- Drop in the upper shelf fracture energy. Radiation effects are also manifested by a drop in the upper shelf fracture energy and a decrease in fracture toughness.
Plant operators must monitor all these effects. Therefore nuclear regulators require that a reactor vessel material surveillance program be conducted in water-cooled power reactors.
Once a material of RPV is degraded by radiation embrittlement (e.g., a significant increase in Charpy ductile‐brittle transition temperature or reduction of fracture toughness), thermal annealing of the RPV is the only way to recover the RPV material toughness properties.
According to 10 CFR 50.66 – Requirements for thermal annealing of the reactor pressure vessel:
“For those light water nuclear power reactors where neutron radiation has reduced the fracture toughness of the reactor vessel materials, thermal annealing may be applied to the reactor vessel to recover the material’s fracture toughness. “
Thermal annealing (“dry “method) of the reactor pressure vessel is a method by which the pressure vessel (with all reactor internals removed) is heated up to some temperature (usually between 420 – 460 °C) by use of an external heat source (electrical heaters, hot air), held for a given period (e.g., 100 – 200 hours) and then slowly cooled. The annealing equipment is usually a ring‐shaped furnace with heating elements on its external surface. The power output of installed heaters may reach up to 1 MWe. It was shown that the upper shelf recovered 100 % after the specially fabricated materials after 24 hours of annealing and more rapidly than transition temperature. Annealing for 168 hours recovered 90 % of the transition temperature shift.
There is also a possibility of the so‐called “wet” annealing method being applied in the USA and Belgium. The annealing at that temperature of ~340 °C was reached without external heating but by increasing the coolant temperature achieved by the energy of the circulating pumps of the primary circuit. This type of annealing provides only partial recovery for the material due to the limitation in maximum temperature.
Special Reference: Annealing and re-embrittlement of reactor pressure vessel materials. AMES report N.19; ISSN 1018-5593. European Communities, 2008.
- Annealing. The term annealing refers to a heat treatment in which a material is exposed to an elevated temperature for an extended period and then slowly cooled. In this process, metal gets rid of stresses and makes the grain structure large and soft-edged so that when the metal is hit or stressed it dents or perhaps bends rather than breaking; it is also easier to sand, grind, or cut annealed metal.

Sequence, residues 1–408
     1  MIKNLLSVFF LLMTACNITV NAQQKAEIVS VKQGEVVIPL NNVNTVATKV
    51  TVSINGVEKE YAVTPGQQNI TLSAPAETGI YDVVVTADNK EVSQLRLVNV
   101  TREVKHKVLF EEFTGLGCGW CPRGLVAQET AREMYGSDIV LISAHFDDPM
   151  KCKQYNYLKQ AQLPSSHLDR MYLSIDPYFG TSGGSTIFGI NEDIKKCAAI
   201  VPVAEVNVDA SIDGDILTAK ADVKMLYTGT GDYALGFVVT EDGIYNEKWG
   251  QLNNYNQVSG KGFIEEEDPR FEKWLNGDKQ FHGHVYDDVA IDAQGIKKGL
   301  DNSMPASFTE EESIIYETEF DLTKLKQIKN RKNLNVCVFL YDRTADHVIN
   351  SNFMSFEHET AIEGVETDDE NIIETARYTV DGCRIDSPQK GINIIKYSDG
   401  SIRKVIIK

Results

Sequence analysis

- Quenching. The term quenching refers to a heat treatment in which a material is rapidly cooled in water, oil, or air to obtain certain material properties, especially hardness. In metallurgy, quenching is commonly used to harden steel by introducing martensite. There is a balance between hardness and toughness in any steel; the harder the steel, the less tough or impact-resistant it is, and the more impact-resistant it is, the less hard it is.
- Tempering. The term tempering refers to a heat treatment used to increase the toughness of iron-based alloys. Tempering is usually performed after hardening to reduce some of the excess hardness. It is done by heating the metal to some temperature below the critical point for a certain period, then allowing it to cool in still air. Tempering makes the metal less hard while enabling it to sustain impacts without breaking. Tempering will cause the dissolved alloying elements to precipitate, or in the case of quenched steels, improve impact strength and ductile properties.
- Aging. Age hardening also called precipitation hardening, or particle hardening is a heat treatment technique based on the formation of extremely small, uniformly dispersed particles of a second phase within the original phase matrix to enhance The strength and hardness of some metal alloys. Precipitation hardening increases the yield strength of malleable materials, including most structural alloys of aluminum, magnesium, nickel, titanium, steel, and stainless steel. In superalloys, it is known to cause yield strength anomaly providing excellent high-temperature strength.